Super Mario World: Super Mario Advance 2

It takes a lot for me to be disappointed in a Super Mario game. And for the life of me, I couldn’t figure out why it took me so long to play this one, since I had (mostly) enjoyed the other Super Mario Advance GBA ports.

Well, it looks like I’ve finally been letdown, this time by the Super Nintendo just being that darn good.

The Game Boy Advance’s take on Super Mario World isn’t inferior, but it does struggle with a lot of items that are hard to turn away from if you’re a fan of the SNES original – which I consider to be one of the greatest games ever made.

For starters, the colors are washed out due to the lack of color depth on the GBA hardware. The Mode 7 scrolling backgrounds are also changed in most scenes, giving the game a very dry and unappealing aesthetic. Tinny audio changes that downplay the classic soundtrack, along with the lack of the extra X and Y buttons on the console, really underscore what is a tremendous game otherwise.

Yes, Nintendo went ahead and played around with this, as they did the other Advance Mario games too. However, the changes aren’t to the same level as what they did for Super Mario Bros. 2 or 3, with no new levels and nothing much of substance here, other than changing sprites to align with the other games…

That is, unless, you actually want to play with Luigi, who has been 100% altered to be his high-jumping, slow and slippery-footed self. (It’s the change that no one really asked for – does anyone play with Luigi?)

There are a few extra cut scenes at the beginning and end, and the message boxes, I’ve been told, have been increased. Oh, and a list of levels on the map screen, because, well, I don’t know why that’s needed!

I know this game so well, that the only thing I noticed that was different, and somewhat neat, was that the Top Secret Area (above the Ghost House in World 2) is now a hill instead of just a dot on the map.

Is this game really that bad though?


It just suffers from the same lack of screen real estate you may have with other TV to handheld translations. Otherwise, it’s still the great game play and depth as the original.

I’m just that much of a purist when it comes to SMW that I would prefer playing the original over the squeezed down version with very little changed for the better. You may find it’s the same way should you feel compelled to play it.

Mortal Kombat: Deadly Alliance

The fifth installment of Mortal Kombat was the first to not be released prior in the arcades; a dwindling and almost extinct concept for today’s gamers who didn’t have the theater-to-home experience with gaming as we do with film.

Deadly Alliance takes us on a journey that actually had me depart the series. I grew up on the 2-D motion capture actors and cheesy inspiration of Enter the Dragon and Big Trouble in Little China. When the series moved entirely to 3-D with Mortal Kombat 4, I just found the polygonal artwork to have lost some of the feel that made Mortal Kombat special.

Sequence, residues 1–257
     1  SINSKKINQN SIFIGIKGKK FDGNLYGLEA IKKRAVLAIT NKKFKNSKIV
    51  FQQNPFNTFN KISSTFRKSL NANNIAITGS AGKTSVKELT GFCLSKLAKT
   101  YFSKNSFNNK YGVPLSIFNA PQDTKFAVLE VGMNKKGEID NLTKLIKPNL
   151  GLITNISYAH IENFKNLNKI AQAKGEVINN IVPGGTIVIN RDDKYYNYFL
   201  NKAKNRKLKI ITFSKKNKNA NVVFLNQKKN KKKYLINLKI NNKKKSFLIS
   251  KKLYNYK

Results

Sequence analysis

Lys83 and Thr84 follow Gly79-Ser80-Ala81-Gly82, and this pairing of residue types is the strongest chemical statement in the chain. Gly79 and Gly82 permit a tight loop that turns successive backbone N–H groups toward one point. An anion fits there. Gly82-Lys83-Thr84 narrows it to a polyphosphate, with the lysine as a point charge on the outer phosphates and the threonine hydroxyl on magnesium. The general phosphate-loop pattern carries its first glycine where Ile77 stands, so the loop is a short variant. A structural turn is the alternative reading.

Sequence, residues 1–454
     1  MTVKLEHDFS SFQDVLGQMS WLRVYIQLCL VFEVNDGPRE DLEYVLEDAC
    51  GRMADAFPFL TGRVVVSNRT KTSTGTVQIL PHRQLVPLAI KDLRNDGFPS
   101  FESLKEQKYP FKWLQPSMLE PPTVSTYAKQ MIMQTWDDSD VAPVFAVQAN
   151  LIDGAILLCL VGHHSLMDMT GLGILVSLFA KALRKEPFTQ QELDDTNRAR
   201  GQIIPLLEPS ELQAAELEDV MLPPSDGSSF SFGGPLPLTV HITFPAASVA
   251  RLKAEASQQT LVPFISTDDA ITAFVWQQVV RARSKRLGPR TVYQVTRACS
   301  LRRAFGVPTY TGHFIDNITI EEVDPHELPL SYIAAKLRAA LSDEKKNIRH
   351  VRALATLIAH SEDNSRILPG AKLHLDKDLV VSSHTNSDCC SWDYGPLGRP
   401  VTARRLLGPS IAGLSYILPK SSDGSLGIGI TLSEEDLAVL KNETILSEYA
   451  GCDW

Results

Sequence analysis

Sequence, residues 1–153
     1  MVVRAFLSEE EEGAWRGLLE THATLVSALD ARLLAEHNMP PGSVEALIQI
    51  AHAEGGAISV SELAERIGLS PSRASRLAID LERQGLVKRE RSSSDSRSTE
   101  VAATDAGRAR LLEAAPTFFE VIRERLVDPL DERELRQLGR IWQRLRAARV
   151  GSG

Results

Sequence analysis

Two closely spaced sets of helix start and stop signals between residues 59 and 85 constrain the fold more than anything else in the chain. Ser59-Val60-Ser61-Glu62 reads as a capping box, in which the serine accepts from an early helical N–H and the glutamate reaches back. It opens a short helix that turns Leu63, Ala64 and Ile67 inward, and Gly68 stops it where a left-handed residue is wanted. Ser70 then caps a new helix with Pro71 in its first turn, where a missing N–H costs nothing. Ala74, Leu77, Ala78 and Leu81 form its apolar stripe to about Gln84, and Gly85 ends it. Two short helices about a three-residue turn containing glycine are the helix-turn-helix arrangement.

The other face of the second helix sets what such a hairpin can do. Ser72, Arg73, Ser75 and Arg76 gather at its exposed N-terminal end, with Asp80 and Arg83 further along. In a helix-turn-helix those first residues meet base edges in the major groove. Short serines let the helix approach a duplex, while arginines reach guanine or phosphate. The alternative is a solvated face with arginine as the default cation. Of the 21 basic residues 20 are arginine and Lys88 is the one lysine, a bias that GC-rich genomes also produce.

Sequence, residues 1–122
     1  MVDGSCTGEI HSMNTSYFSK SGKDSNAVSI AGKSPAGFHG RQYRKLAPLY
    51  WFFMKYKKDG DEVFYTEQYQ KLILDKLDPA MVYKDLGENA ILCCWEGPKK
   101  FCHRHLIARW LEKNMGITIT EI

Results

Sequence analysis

Coming back to this game years later, my feelings haven’t changed so much. Fighting games had become incredibly cliché and Mortal Kombat started to lose steam to true 3-D fighters, such as Soul Blade/Caliber, Tekken, DOA, and others that arrived on the scene.

It felt like Midway was playing catchup and also lost its originality. Fatalities had long been overdone by the time Ultimate Mortal Kombat 3 was released, for example. Blood and violence were not the same shock value by the early 2000’s, with DOA’s top-heavy divas even getting a volleyball spinoff not even two months after Deadly Alliance released.

As such, we see these subtle differences show up in DA, as the characters bounce or jiggle, I should say, much like the other games noted. And fatalities were now limited to one per fighter.

What is this nonsense? Even MK2 had several ways to finish off opponents including multiple fatalities! Stage fatalities, like the famous iterations of “The Pit” are missing too.

This skewed me away from MK as the gameplay in DA is a lot different than the previous MK games also.

While MK4 had side-stepping, it felt more natural than tacked-on in DA. New fighting styles supplanted picking up any random fighter and just going to town – each character has three styles, one of which includes a weapon, akin to my eyerolling least favorite addition to MK4.

There are some other modes tossed into the fray, including Konquest and The Krypt, which are mainly there to make it see like there’s more to the game than there really is. Fans and completionists will go for it, but it was a nothing burger for me now or then.

However, the one redeeming quality of Mortal Kombat has been the depth of their roster. Nine new characters, as well as two secret ones, round out a total of 11 new combatants – though some of them seem to have had some lack of inspiration. (Frost? Did we really need a third Sub-Zero/female ninja clone or another cyborg/robot warrior?)

Yet, I will admit that the new characters are a huge improvement over the truly uninspiring ones in MK4.

Even Mokap and Blaze, the hidden characters, are somewhat cheesy by this point in the series.